Sure, headless is more complex. But it is definitely worthwhile. The freedom you gain far outweighs the learning curve you’re about to traverse. Once you have all your ducks in a row, the path to building your headless stack looks a little straighter. And far more inviting.

Headless commerce approaches

Now we’re down to the nitty-gritty — how you’re going to get your headless stack.

There’s a couple of things to consider before you take the plunge – with two main paths you could go down: retrofitted headless and headless microservices. 

Retrofitted headless

Retrofitted headless solutions are monoliths that have had a little something special added to them (an API layer) to make them capable of more

The API layer exposes core features to offer you a customisable front-end. With the core exposed, you can transform your legacy platform’s existing front-end experience to show off what makes your brand different.

At the same time, the dependable monolithic back-end provides the comfort of an out-of-the-box approach. Perfect if you’re launching ecommerce for the first time.

Headless microservices

Further down the evolutionary chain, headless microservices have moved beyond the bi-directional relationships of headless monoliths. Every service in this architecture model operates independently, so never steps on another’s toes.

Flexibility, scalability, and speed are part and parcel of headless microservices. You can swap them in and out as needed. Scaling them up and down based on their usage. This makes creating unique experiences a breeze. Giving your teams the freedom to experiment and innovate more easily.

Headless microservices live and breathe the test, learn, and go again cycle of agile working.

Managing your microservices

In a modern world, legacy isn’t generally an issue when you’re starting up a new initiative. There’s little reason to choose anything other than Software as a Service (SaaS) solutions or a microservices decoupled route. SaaS solutions are attractive because the service provider takes care of updating, managing, and fixing them.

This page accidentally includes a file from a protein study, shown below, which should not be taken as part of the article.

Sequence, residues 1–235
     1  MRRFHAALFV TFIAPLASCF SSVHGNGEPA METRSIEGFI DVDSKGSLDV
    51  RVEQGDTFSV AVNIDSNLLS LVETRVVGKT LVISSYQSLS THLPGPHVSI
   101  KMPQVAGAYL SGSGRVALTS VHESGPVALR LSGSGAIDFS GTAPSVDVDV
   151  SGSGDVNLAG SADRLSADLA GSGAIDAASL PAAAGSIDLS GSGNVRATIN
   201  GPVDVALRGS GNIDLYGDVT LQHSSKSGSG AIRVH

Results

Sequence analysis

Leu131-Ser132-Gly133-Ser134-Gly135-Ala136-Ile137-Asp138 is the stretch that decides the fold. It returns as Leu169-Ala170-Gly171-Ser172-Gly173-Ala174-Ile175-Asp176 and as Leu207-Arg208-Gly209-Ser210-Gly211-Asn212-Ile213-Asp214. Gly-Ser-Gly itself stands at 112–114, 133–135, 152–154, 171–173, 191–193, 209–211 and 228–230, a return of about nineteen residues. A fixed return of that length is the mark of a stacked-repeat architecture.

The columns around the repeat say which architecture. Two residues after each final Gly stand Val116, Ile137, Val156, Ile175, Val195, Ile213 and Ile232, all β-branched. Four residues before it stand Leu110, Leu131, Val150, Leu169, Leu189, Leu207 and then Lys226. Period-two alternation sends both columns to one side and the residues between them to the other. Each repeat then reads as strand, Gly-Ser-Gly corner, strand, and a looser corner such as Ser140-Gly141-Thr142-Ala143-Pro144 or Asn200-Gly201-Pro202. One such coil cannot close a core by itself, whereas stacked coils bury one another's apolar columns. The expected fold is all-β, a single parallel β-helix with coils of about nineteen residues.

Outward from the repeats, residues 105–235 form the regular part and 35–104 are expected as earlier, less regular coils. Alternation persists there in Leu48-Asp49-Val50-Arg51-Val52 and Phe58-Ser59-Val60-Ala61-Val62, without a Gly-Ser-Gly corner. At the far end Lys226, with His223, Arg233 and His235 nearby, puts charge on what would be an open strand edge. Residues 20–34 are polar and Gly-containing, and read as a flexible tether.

But when you decouple things, you need an extra layer of DevOps to maintain everything at an operational level. Your ability to support that will depend on the capability you have in-house. 

If you’re a larger company, you’ll likely have a robust IT department or internal developers, so you can handle most of this yourself. Or you may have a lot of people plumbing your systems or managing cloud services like AWS for you. In such a case, it’s really a no brainer to use those services.

If you don’t have this internal capability, you have two choices ahead of you: hire an agency to maintain and support your initiatives, or grow these capabilities in-house. Your decision of which is best for you will come down to the strategy of your business and what your end goal is. 

It’s a toss-up between independence with a slower learning curve, and safety but reliance on a third party. Fortunately, many agencies are exceptional at working alongside your in-house teams to provide training alongside support. The best of both worlds.

Don’t lose your head: speak with an expert

Headless is ‘how’ you get there, not the ‘why’ you are doing it, so never lose sight of the end goal. 

Brands that choose to go headless are commonly after agility, freedom of expression, and the ability to meet customers on new channels with new touchpoints. 

Ripping it all down and starting afresh is folly. Sure, you might have specific systems you detest and need gone. But you’ll also likely have systems that work and you want to keep.

Our advice? Make a plan to decouple and improve the parts of your stack that will give you the most significant ROI. Then prioritise building those first. Then rinse, repeat.

Want to learn more about what headless could do for you? Our technical consultants are here to help you get the most from your architecture. Drop us a line to explore your current and future needs.

Image credit: #WOCinTech Chat